Letting Go Challenge: Week Two

This week’s 21 things:

  • very dirty, worn out door mat
  • terra cotta owl
  • Glen Haven ear cleanser
  • Flea and Tick spray
  • Cat Calmant
  • Dermacare Anti-Itch Spray
  • Hairball Remedy
  • Extreme Groom Waterless Foam shampoo
  • Chinese take out dish (cracked, courtesy of the dog)
  • Rubbermaid storage piece and lid (chewed, courtesy of the dog)
  • 9 small spools of thread (where do they keep coming from?)
  • Peanut butter jar lid (I don’t even want to know)

This week was a trip back in time, and one I’m surprisingly grateful for.

All of the cat items (listed by brand in case I want to find them again) were from a time I had been reunited with my cats after Hurricane Katrina. (So, the stuff is at least NINE years old!)

I was very grateful that I had someone far away to take them in when I couldn’t. I was living in a fish camp on the river at the time, not exactly the driest place to be that summer, but it was drowned in mud and dead fish and, to this day, has yet to be rebuilt.

It has, however, been cleaned and gutted.  So, no dead fish smell.

I was grateful that someone had taken them in.  He had offered to take me in, too, but I was too stubborn, too tied to the Mississippi Gulf Coast and my family to ever truly consider leaving.

They had been staying in Florida, vacationing as I called it, while we dealt with the aftermath.

The hurricane itself was a breeze (ha!), I actually slept through the majority of it, but the aftermath was something entirely different. That was a rough time for me; I was living in a camper far too tight for cats who couldn’t stand each other, my alpha having already been returned to me due to her inability to play well with others. She’s never really played well with others.

Maybe that’s why I’m writing a book about her.

I was not so grateful, however, when I saw what shape they were in when they returned.

All of these products were either purchased by the Keeper of the Cats during their stay, or by me to help them recuperate after their stay.

It was a long road to recovery for all of us. It took them a long time get healthy again, and it took me a long time to get my anger within healthy parameters again.

In the end, I realized that he did the best that he could given the circumstances, and he did a hell of a lot more than I was able to, given the circumstances. Once I realized this, this key fact: that he, for all of his attributes and actions, character and circumstances, honestly did the best that he could do, there was something that was similar to–but not quite–forgiveness that sparked within me.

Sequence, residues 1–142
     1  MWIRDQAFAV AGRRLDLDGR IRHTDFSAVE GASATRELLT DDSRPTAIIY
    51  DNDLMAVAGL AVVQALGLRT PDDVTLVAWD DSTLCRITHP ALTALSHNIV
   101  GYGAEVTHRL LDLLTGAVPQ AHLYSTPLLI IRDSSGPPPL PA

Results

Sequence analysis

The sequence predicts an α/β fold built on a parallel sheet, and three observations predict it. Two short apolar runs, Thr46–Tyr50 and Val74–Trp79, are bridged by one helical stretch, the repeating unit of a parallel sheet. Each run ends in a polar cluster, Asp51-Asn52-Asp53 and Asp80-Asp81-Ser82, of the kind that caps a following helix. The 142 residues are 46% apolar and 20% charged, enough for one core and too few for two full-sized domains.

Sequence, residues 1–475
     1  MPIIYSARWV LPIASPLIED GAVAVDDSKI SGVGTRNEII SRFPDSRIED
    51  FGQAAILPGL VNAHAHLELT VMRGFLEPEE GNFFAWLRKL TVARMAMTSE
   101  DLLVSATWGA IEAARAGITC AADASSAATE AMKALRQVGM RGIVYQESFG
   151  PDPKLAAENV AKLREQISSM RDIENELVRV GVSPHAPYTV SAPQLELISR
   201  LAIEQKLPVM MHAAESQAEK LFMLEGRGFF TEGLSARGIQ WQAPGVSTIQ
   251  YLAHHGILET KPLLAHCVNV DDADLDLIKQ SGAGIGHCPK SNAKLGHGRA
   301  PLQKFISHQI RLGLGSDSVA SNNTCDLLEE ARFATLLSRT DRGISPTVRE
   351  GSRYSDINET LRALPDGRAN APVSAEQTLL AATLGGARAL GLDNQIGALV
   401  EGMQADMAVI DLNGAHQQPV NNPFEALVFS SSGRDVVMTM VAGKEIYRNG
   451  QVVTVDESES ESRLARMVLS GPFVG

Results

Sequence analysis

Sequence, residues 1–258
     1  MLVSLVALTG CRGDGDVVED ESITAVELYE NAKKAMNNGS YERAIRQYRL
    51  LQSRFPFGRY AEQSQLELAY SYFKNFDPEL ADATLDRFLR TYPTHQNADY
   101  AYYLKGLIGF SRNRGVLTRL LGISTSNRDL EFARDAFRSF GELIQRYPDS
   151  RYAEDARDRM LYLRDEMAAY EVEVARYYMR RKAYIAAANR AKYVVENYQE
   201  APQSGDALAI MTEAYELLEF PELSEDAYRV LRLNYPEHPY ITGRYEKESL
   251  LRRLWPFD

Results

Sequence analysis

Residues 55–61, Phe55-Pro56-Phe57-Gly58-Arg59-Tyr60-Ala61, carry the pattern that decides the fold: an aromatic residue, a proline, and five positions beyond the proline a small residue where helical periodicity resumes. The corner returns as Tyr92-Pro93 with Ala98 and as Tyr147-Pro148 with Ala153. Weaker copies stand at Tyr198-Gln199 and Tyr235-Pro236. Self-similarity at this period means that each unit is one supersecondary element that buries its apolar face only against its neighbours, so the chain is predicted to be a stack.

I had realized there was nothing to forgive despite how things may have appeared.

When that happened, I could forgive myself for subjecting them to such tribulation: there was nothing to forgive. I, too, had done the best that I could have done given my attributes and actions, character and circumstances.

There was nothing to forgive despite how things may have appeared.

And I’m not saying that I’d make the same choice today that I made back then. I have, after all, learned a LOT about emergency preparedness since Katrina.  It’s just that the choice I made was the best one I could have made at the time.

And that is glorious. No blame. No shame. It just was.

It probably was one of the most powerful lessons on forgiveness I’ve ever had.

A side note: I had originally included my Misfit  (so very NOT recommended), but switched it out for another item when I found out I may be able to get my money back on it.

The owl I had bought for someone’s birthday at least 2 years ago. I’ll be gifting it this week.

Forty-two things gone. The thread (all of it) re-homed with a sewing-addicted coworker, the rest of it trashed or re-homed.

I have to say that I am just a little bit impressed with myself.

I had a little lagniappe for the week: In cleaning out my junk drawer, I switched drawers, so that my “junk” drawer is a much smaller one, and what had previously been the junk drawer now holds dish towels. The result of this is that I have a little more room in my pantry, since it was holding the dish-towel overflow.

What a magnificent thing.

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